I’ll keep you all updated through the process – whether writing of any kind burns me out during this period, whether I feel more refreshed when coming back to edit Symphony after I finish Sordid Tales, and whether I think it is overall helpful to toggle projects like this. All I know is, Brandon Sanderson wrote Mistborn as a throwaway side series while he was working on his Stormlight Archives, and many other authors have given the advice to move on to a new project for a few months after you finish an old one.

Remember, screw what I say and screw what the world says; it’s about what works for you. But for any people finishing up Camp NaNoWriMo, I challenge you to try something similar – take a bit of time when you’re at your most exhausted to work on something lighthearted that you don’t have to stress out about as much, and see how it changes your editing experience.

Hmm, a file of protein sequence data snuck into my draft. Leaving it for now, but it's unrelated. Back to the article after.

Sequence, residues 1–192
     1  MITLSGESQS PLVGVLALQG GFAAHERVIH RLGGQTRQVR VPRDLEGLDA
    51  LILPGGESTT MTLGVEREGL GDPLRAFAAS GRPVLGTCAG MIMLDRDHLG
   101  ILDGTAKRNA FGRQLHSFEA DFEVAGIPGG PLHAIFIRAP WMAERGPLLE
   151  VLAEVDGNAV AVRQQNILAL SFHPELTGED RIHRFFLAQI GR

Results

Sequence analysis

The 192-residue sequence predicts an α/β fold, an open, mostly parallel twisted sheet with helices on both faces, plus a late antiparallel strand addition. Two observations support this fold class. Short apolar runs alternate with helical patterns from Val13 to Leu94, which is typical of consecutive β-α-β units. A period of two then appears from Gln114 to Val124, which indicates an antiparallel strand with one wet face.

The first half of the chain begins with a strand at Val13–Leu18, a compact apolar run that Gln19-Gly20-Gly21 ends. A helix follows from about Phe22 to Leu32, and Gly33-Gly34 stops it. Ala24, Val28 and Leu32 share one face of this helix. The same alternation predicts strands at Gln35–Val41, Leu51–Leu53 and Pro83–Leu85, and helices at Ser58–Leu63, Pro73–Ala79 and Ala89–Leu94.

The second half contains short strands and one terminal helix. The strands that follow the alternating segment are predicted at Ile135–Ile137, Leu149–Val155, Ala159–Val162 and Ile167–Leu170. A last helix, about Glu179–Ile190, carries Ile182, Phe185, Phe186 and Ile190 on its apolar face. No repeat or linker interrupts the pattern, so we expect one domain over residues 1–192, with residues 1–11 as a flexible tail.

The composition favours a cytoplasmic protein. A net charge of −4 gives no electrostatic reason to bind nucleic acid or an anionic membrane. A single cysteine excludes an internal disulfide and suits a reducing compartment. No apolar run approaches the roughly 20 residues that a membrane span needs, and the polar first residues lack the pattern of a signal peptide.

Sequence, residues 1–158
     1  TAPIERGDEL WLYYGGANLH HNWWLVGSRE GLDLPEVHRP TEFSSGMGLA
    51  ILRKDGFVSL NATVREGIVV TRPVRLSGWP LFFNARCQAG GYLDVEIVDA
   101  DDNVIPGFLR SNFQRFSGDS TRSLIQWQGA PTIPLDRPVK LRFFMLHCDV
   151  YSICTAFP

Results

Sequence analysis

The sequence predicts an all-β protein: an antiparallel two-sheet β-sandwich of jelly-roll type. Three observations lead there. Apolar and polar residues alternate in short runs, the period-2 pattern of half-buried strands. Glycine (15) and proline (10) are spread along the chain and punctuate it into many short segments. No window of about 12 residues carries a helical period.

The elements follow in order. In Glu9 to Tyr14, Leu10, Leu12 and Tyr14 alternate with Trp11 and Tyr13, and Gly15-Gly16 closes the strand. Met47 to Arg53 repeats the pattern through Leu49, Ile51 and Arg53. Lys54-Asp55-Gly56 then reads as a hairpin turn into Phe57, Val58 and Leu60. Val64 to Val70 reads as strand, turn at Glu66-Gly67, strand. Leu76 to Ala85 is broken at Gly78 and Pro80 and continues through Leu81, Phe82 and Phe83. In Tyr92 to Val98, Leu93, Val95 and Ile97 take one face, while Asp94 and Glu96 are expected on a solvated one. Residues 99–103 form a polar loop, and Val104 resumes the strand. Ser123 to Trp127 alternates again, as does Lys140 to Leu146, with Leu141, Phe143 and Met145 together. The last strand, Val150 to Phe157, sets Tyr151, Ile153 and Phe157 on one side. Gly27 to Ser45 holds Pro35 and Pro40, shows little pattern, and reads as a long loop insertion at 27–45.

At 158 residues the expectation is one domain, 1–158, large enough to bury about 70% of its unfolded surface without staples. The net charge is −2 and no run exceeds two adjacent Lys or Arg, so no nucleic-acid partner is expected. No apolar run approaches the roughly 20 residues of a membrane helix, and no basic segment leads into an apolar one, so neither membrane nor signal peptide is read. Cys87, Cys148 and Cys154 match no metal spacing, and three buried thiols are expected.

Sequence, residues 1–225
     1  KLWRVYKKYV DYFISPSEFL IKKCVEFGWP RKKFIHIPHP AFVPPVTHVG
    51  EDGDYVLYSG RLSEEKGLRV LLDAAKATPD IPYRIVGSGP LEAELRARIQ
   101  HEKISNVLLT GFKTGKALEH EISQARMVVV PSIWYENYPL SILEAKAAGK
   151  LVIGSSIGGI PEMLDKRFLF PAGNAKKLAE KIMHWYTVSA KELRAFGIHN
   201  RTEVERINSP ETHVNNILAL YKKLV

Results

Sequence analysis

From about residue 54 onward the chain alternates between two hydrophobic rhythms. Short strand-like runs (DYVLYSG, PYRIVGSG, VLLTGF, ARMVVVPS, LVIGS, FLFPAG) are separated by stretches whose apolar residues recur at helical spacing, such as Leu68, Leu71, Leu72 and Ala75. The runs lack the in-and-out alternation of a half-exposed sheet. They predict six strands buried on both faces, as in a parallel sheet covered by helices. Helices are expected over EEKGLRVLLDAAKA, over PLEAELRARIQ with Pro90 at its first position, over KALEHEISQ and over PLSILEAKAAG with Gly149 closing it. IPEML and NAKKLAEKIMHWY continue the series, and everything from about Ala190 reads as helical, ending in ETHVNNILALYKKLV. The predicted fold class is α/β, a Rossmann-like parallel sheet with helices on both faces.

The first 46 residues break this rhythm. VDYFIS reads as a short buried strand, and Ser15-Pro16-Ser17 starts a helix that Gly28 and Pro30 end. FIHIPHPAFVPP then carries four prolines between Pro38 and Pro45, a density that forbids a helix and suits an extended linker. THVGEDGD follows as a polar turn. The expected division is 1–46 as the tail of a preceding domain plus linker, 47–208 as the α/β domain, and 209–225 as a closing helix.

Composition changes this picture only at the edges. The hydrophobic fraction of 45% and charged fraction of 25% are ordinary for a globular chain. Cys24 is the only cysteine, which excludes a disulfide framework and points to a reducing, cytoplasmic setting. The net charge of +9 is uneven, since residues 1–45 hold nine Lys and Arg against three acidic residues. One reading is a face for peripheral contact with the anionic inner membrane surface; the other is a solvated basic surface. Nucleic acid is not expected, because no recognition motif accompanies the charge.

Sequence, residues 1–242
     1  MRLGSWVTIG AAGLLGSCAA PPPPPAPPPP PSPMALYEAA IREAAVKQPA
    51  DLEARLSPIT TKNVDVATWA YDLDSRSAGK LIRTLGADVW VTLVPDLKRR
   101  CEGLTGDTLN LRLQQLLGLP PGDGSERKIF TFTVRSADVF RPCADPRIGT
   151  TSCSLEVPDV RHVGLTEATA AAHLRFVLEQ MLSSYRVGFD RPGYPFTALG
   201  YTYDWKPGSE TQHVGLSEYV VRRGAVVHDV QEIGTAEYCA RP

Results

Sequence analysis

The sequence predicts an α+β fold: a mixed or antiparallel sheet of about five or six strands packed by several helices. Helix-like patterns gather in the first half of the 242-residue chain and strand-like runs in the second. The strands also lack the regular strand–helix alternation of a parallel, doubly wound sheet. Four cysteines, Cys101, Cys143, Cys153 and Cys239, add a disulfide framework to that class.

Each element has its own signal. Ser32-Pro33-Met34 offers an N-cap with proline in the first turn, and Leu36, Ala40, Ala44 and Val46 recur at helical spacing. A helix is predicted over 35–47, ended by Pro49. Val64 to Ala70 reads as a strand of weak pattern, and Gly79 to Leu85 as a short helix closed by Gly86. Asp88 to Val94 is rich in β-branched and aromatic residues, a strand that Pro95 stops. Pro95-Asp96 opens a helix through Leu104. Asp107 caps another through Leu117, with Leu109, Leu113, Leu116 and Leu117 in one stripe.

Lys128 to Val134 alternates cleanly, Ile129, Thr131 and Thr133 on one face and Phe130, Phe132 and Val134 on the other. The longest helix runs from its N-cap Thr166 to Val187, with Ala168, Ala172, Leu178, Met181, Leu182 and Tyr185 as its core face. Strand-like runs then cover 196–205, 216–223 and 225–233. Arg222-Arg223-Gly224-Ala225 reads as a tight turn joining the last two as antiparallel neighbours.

As always, if you’ve tried this out or had experience in this area, I’d love to hear about it in the comments!

Yours, enjoying the snark of his new project,

-R.R. Buck

Teaser Chapter – Sordid Tales of a Callous Reaper (Low Fantasy Novella)

Mark O’Shaughnessy sits alone at the bar, finishing his fifth whiskey rocks in as many minutes. He grimaces as the drink goes down his throat; one thick-knuckled hand lifts to brush greasy strands of black hair back from his granite face. He snaps his fingers at the bartender for another drink, in the 4 AM twilight of serious alcoholism.

The bartender ambles over, a strangely genteel person to be catering to Boston’s late night drinkers. He has a strong southern drawl and a punchable face. “Sure ya want that last one? We close up in a few, and you’ve had your share already for sure.”

Mark glances up at the man who stands between him and the counter of dimly lit bottles at the back of the bar. He notices for the first time the tacky blue-and-yellow sign that says, “If you ain’t drinking, you ain’t having a good time!” hanging right above the bar, casting a halo of neon light down on the bartender.

“Give me another,” he says. His voice grates.